The Obama administration received the proposal so enthusiastically that it made it look as if it was its own plan. The U.S. government also wanted to use the plan to commit Guatemala to extend the term of a U.N. commission investigating corruption as well as to convince El Salvador and Honduras to set up something similar in their countries.

However, efforts to improve security in the Northern Triangle may not be working. An Amnesty International report published his month says Central American countries are failing to take measures to contain the humanitarian crisis. The report also accused Mexico and the United States of violating the principle of "non-refoulement," which prohibits a state from returning a refugee to a country where he may be persecuted or risk his life.

The Northern Triangle countries have some of the highest homicide rates in the world. Despite a nearly continuous reduction in violence since 2009, there are still 29 murders per 100,000 inhabitants in Guatemala. In Honduras this figure was 64 per 100,000 in 2015 and 108 per 100,000 in El Salvador. In the United States, the figure was 4.4 in 2014, according to Amnesty International.

Poverty, too, is a major driver.

"Our migrants are still economic migrants,” Guatemala’s Minister of Foreign Affairs Carlos Raul Morales told news site Plaza Publica. “Of the 3 million Guatemalans in the United States, eight out of 10 left looking to improve their economic lot. They didn’t flee from the violence.

Morales said the government is looking for ways to tackle the root causes of economic migration. For example, half of Guatemalan children suffer from malnutrition.

What the candidates said about immigration

During the last debate, the candidates spent much of the scant 10 minutes devoted to immigration by trading accusations. Trump said Clinton had been in favor of building a wall during her time in the Senate and pointed out -- truthfully -- that the Obama administration has deported millions of immigrants. The Democrat, meanwhile, criticized Trump for having employed undocumented immigrants to build the Trump Tower, the icon of his real estate empire.
Clinton said immigrants "work hard," that she does not want to separate families and rejects the "deportation force" that Trump proposed. But she didn’t elaborate on her immigration plan.

"Clinton did not want to provide details because the president, in his two terms, has not been able to achieve the immigration reform he had promised," Lilia Velasquez, an associate law professor at the University of California in San Diego, told Univision.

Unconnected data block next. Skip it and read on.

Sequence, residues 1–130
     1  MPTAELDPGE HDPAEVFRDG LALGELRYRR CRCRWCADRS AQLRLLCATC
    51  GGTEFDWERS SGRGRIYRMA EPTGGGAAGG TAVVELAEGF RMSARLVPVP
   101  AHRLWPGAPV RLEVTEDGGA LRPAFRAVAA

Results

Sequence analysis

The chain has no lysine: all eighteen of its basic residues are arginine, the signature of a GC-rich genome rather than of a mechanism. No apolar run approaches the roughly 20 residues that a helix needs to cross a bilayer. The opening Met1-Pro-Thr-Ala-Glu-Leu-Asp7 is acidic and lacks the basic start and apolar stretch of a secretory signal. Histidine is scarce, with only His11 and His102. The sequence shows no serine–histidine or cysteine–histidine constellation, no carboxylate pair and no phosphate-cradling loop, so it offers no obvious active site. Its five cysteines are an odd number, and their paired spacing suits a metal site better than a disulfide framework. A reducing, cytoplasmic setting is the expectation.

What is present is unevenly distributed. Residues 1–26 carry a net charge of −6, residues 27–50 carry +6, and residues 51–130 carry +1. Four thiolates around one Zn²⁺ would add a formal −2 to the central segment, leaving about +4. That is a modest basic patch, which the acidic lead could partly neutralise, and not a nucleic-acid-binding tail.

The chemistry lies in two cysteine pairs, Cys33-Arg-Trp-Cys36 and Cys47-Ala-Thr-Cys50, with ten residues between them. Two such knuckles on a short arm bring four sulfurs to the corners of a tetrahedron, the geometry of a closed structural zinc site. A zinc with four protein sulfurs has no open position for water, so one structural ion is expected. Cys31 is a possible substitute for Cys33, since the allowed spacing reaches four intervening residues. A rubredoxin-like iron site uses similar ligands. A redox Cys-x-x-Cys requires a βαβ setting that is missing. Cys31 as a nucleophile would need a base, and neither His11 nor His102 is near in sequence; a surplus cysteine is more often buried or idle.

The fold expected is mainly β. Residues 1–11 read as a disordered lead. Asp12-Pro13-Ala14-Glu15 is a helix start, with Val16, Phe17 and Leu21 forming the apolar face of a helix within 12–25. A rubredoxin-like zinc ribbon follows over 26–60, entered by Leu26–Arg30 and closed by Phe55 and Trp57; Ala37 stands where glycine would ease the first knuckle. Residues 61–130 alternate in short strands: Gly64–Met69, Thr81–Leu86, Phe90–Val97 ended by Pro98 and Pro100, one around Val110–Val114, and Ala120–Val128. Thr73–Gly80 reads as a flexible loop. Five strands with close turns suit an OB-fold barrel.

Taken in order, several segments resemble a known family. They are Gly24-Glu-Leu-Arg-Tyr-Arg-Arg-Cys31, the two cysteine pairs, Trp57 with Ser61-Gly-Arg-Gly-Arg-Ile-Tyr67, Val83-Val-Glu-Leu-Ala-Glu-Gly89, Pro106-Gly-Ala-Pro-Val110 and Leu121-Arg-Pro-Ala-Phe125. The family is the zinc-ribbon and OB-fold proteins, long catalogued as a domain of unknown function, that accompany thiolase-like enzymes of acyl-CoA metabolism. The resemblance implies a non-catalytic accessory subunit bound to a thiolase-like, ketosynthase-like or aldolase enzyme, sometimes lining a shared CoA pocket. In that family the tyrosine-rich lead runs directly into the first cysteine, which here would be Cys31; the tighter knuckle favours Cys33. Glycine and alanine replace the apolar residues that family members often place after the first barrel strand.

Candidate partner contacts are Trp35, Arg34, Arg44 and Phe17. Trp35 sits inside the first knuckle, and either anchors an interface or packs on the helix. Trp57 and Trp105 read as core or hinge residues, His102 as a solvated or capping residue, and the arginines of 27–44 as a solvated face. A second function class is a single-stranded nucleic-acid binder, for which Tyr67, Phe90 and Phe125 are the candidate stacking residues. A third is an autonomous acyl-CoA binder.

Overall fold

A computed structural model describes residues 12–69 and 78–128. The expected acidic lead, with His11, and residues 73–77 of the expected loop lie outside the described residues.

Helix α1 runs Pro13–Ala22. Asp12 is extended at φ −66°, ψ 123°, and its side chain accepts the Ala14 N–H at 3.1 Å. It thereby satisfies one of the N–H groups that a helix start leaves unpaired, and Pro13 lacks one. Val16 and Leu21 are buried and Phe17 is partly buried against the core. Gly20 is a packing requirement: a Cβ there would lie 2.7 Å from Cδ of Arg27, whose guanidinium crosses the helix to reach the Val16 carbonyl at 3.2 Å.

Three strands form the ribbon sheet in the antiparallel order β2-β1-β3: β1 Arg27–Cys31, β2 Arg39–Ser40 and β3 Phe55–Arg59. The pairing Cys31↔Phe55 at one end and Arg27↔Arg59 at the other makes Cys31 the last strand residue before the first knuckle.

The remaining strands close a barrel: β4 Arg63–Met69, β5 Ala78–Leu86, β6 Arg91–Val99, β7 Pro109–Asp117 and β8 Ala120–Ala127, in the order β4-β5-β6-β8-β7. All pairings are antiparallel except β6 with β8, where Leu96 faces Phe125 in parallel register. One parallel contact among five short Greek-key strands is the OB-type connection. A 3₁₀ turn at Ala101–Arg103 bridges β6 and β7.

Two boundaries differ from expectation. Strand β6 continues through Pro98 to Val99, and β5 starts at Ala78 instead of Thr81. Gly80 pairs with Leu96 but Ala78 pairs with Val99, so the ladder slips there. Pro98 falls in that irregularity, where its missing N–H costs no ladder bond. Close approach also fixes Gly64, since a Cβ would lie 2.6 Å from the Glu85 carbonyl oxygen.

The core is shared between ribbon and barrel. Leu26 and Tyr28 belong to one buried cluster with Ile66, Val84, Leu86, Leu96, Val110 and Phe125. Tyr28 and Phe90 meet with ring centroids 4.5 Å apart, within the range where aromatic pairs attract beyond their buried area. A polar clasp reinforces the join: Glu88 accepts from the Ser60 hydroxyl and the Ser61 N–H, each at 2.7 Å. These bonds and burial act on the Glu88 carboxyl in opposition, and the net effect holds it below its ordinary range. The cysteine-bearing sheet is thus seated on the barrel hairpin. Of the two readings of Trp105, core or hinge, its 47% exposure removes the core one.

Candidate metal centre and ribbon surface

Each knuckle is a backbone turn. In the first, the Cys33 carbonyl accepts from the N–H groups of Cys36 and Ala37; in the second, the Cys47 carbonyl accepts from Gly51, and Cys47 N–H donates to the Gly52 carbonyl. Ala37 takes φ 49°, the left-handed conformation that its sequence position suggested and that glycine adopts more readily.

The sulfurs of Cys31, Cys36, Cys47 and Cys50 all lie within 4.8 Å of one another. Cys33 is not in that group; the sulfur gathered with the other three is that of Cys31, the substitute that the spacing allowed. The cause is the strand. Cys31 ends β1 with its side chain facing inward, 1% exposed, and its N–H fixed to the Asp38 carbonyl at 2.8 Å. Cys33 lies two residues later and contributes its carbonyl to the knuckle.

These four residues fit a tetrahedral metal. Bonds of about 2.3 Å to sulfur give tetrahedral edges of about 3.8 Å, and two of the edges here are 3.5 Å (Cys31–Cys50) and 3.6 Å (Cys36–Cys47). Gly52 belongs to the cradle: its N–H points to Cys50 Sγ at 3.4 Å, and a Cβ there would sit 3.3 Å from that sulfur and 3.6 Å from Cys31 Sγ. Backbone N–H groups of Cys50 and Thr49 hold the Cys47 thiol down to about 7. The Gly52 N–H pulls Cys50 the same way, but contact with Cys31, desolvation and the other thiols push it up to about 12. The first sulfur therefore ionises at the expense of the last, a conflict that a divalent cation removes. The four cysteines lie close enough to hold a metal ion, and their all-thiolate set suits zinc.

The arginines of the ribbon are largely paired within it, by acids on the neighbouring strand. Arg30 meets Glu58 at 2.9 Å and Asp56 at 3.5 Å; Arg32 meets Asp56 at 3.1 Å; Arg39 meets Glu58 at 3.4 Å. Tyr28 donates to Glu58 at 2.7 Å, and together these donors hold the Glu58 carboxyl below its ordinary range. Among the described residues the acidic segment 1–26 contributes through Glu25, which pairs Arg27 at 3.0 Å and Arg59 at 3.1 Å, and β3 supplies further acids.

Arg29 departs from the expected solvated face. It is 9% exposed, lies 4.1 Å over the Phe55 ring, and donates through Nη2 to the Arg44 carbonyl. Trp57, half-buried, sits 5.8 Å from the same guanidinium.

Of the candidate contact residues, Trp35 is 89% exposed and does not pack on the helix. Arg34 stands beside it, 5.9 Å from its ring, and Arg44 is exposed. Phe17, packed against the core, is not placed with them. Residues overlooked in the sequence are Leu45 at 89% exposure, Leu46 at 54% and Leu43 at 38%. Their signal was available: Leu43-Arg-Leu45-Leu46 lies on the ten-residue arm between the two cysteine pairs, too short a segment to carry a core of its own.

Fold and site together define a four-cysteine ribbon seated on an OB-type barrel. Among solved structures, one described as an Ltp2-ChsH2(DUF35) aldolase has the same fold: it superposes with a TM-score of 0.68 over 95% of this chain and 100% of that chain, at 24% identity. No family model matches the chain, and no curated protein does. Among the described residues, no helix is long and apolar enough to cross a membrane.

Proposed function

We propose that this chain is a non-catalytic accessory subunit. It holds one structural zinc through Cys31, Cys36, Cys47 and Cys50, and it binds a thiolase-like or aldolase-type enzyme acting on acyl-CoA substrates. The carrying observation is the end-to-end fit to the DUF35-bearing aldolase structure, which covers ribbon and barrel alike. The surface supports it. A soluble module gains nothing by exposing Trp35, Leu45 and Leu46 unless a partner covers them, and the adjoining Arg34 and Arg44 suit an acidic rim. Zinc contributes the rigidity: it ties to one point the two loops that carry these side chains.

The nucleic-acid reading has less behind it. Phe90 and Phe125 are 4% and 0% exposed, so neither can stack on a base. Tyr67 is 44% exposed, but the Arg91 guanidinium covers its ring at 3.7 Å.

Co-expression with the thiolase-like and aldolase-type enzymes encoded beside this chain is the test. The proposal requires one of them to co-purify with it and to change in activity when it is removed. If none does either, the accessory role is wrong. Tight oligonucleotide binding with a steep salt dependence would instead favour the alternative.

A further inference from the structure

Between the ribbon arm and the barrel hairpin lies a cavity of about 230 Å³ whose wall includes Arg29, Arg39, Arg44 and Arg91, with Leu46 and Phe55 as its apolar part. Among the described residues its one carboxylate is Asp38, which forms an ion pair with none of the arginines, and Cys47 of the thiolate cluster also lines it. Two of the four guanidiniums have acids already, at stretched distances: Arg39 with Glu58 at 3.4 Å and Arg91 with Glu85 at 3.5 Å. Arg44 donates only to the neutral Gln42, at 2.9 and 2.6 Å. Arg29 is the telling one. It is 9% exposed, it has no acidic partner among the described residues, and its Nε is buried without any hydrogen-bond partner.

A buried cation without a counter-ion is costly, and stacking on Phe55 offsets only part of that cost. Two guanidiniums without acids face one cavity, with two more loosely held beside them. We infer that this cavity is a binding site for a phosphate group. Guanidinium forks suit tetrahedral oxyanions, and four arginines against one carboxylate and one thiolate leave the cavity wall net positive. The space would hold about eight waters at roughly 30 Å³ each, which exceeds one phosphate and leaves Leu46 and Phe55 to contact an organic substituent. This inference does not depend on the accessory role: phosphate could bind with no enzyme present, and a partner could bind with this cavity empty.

On the other hand, Trump highlighted one of the central ideas of his campaign: to ensure "secure borders.”
"They’re coming in illegally. Drugs are pouring in through the border. We have no country if we have no border," he said. "We have some bad hombres here and we’re going to get them out,” he added, slipping in a Spanish word. “Once the border is secure, at a later date, we will make a determination as to the rest."

But it’s what the candidates didn’t say that left many questions unanswered.

Trump gave no details on his proposed “deportation force” or on what would happen to Central American unaccompanied minors seeking asylum. He also didn’t follow up on his previous promise to revoke birthright citizenship. It’s also not clear if Clinton has secured Republican support in Congress for immigration reform.

Here's where the candidates stand on immigration, based on their platforms and statements prior to the debate.

The crisis of unaccompanied minors
-Clinton: She would bring their cases to immigration courts and let judges decide their fates, similar to the Obama administration’s approach.
-Trump: What children? He hasn’t mentioned them.

Immigration reform
-Clinton: In her first 100 days in office she would introduce immigration reform in Congress. She would continue DACA and would push for expanded DACA and DAPA.
-Trump: He would seek to limit immigration, particularly from Muslim countries. He says he would end DACA.

The wall
-Clinton: She doesn’t like to discuss it but she does support a physical barrier on parts of the border.
-Trump: He wants a wall along the entire border, and wants Mexico to pay for it.

Deportations
-Clinton: She wants to avoid separating families and only to deport those who threaten public security.
-Trump: He wants to deport two million immigrants with criminal records and around 4 million who overstayed their visas.